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“How Gaps In Mental Health Care Play Out In Emergency Rooms”

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This October 17, 2016 article by Shefali Luthra, talks about the differencees in going to the Emergency Room for Physical health reasons compared to mental health reasons and indicates that a person with a mental health issue is likely to stay in the ER longer or more likely to be admitted to the hospital directly from the ER than someone with physical health issues is.

“Hawaii looks to allow psychologists to prescribe drugs”

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This April 28, 2016 AP article found on the Herald-Standard website talks about Hawaii’s interest in having Psychologists be able to prescribe medications to their clients.  This is something already done in the military, and in a few other states. It is hoped that this change could improve access to care, and maybe also help Hawaii decrease their suicide rate which according to the article is higher than the rate that people die from car accidents in Hawaii.

“Stretching psychiatric care in rural Pennsylvania”

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This February 25, 2016 article on the News works website talks about the immense struggle that rural areas face when trying to meet the demand for mental health services, particularly access to Psychiatrists, in Pennsylvania.  The article estimates that there are about 10 Psychiatrists for every 100,000 people in Pennsylvania and points out that many of the existing Psychiatrists seem to cluster around the larger cities leaving folks in rural areas where the need tends to be greater with fewer

English: This photo describes a rural area

English: This photo describes a rural area (Photo credit: Wikipedia)

professionals to serve those with mental health issues.

“More than 1 million in US face food stamps cutoff”

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This February 2, 2016 article on the World Socialist Web Site (wsws.org) talks about an impending cut to food stamps that will affect millions of low-income people in the United States unless Congress does something to stop it.

 

“Battle Lines Form in the Fight Over Social Security Payment Reductions”

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This August 5, 2015 MSN Money article talks about the impending crisis involving the money in the SSDI program drying up by the end of 2016.  The article includes a few ideas being tossed around for correcting the problem or at least for buying time until a solution can be found.  The article indicates that less than 1% of the social Security tax paid by employees goes into funding SSDI compared to over 5% going into retirement. One idea in the article is to increase the percentage of the Social Security tax by a couple of percentage points to increase the amount of money going into the disability fund.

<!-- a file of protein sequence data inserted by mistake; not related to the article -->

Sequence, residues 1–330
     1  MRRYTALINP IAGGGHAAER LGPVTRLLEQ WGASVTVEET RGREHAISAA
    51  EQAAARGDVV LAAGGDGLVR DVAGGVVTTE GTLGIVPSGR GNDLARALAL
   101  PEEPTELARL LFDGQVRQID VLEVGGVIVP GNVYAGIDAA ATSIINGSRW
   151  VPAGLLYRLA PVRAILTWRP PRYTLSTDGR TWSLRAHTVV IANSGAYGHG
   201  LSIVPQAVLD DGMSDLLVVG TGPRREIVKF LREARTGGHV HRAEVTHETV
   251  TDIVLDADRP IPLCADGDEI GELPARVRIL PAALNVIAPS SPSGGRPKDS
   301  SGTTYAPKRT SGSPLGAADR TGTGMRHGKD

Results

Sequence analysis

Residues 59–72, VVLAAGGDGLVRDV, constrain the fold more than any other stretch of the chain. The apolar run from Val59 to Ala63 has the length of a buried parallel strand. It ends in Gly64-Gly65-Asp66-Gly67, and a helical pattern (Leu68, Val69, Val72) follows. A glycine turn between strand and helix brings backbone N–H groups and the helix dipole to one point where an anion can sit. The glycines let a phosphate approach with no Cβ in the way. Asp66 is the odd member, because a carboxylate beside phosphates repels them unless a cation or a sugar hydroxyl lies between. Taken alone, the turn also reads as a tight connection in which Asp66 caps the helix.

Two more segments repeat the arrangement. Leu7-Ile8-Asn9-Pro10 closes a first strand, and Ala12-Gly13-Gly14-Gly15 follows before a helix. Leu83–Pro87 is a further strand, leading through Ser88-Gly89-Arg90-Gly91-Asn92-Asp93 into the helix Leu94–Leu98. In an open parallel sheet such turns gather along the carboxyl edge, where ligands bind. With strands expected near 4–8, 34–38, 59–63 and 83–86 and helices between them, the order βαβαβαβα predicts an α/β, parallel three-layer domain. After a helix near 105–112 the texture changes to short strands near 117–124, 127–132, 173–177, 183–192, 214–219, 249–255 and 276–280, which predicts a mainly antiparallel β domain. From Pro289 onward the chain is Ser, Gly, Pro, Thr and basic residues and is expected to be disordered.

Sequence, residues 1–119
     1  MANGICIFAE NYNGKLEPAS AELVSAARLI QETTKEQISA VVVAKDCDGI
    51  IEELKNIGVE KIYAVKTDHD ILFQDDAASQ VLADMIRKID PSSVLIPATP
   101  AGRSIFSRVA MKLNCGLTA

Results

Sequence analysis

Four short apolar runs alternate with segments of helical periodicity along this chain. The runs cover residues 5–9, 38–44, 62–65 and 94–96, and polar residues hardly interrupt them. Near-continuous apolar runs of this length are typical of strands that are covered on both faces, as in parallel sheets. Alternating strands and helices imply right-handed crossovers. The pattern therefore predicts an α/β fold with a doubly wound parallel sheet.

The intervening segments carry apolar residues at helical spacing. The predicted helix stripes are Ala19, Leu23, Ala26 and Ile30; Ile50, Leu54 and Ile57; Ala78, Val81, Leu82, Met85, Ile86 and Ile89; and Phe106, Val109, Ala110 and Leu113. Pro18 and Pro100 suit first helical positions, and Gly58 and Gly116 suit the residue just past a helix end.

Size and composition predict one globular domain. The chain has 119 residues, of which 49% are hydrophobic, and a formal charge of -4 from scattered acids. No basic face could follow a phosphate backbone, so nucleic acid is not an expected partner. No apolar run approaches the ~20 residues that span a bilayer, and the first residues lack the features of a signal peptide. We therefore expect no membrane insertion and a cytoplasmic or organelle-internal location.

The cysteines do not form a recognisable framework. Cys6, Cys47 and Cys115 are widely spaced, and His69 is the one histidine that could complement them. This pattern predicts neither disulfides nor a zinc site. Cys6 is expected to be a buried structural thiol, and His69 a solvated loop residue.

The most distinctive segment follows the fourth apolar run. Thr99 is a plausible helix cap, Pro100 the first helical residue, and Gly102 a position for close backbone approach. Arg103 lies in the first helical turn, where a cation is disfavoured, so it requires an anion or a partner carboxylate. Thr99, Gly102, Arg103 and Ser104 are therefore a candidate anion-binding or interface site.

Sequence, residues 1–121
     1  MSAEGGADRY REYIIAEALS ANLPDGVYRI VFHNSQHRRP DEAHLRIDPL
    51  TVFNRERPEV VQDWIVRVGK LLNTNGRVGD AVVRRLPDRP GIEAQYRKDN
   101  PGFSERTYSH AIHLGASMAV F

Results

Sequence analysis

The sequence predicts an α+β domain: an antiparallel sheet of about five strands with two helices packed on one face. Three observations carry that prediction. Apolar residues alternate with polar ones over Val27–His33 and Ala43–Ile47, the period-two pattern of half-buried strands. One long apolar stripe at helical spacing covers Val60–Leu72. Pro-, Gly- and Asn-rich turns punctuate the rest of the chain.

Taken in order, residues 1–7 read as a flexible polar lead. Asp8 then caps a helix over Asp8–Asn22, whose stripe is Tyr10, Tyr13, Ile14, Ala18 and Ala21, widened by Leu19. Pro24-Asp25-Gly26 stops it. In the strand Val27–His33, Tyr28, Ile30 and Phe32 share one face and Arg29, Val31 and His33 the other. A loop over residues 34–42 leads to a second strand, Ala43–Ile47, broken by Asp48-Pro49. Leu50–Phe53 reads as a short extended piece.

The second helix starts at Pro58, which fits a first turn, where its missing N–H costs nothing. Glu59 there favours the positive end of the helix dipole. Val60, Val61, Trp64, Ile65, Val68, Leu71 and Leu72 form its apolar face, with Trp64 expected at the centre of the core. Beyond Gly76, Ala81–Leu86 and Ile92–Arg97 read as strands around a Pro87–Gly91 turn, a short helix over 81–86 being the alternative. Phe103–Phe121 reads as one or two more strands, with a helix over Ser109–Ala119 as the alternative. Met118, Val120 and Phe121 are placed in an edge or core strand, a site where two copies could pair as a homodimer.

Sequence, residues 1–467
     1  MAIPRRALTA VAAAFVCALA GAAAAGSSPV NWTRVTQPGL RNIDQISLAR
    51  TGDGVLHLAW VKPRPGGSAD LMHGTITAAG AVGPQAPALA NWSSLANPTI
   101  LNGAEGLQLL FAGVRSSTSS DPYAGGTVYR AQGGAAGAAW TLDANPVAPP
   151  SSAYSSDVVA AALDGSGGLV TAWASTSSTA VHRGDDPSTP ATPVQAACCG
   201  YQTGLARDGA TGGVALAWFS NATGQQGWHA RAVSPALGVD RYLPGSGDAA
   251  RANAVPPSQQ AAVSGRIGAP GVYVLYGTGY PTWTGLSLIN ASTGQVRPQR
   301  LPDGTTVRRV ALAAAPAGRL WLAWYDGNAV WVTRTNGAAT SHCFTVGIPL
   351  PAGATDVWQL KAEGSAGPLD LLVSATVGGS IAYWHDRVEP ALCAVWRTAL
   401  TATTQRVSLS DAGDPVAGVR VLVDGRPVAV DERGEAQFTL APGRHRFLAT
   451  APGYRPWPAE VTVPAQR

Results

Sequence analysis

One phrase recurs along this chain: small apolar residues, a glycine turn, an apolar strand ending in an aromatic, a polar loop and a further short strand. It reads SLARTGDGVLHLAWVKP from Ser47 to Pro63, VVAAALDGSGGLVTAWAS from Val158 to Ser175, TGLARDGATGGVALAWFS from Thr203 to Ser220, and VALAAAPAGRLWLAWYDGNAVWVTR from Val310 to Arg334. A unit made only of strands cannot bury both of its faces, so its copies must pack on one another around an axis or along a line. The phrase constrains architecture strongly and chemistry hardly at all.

“Don’t coerce the mentally ill into treatment Tim Murphy is raising the right issues but proposing the wrong solutions”

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This September 10, 2014 Pittsburgh Post-Gazette article talks about the flaws of coerced treatment for people with mental illnesses.

English: Rain Garden Apartments in the Villebo...

English: Rain Garden Apartments in the Villebois development in Wilsonville, Oregon. Provides housing to those with mental illnesses. (Photo credit: Wikipedia)

“Pa. Corrections Workers Finish First Phase of Mental Health Training”

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This July 20, 2015 Newsworks article found on the NBC10.com website talks about the first phase of training received by a number of law enforcement officers and judges in Pennsylvania

“Too Much TV, Too Little Exercise When Young May Hasten Mental Decline Later”

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This July 20, 2015 Health Day article found on the Philly.com website talks about how being a couch potato as a young adult can contribute to an increased risk of developing things like Alzheimer’s or other cognitive disorders as we age.

“What To Know About National Minority Mental Health Awareness Month”

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This July 13, 2015 WESA Pittsburgh NPR station segment highlights some of the reasons that Minority Mental Health Awareness Month is important.

Mental Health Awareness Ribbon

Mental Health Awareness Ribbon (Photo credit: Wikipedia)

“Negotiators to meet amid Pennsylvania’s budget stalemate”

Stalemate chess

Stalemate chess (Photo credit: Wikipedia)

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This July 6, 2015 article found on the Lancaster Online website talks about the stalemate between Governor Wolf and the GOP as negotiations continue over the state budget.  The article points out that state employees would still be paid, but that county social services that provide a safety-net for Pennsylvania’s most vulnerable citizens would go unpaid until a budget is passed.

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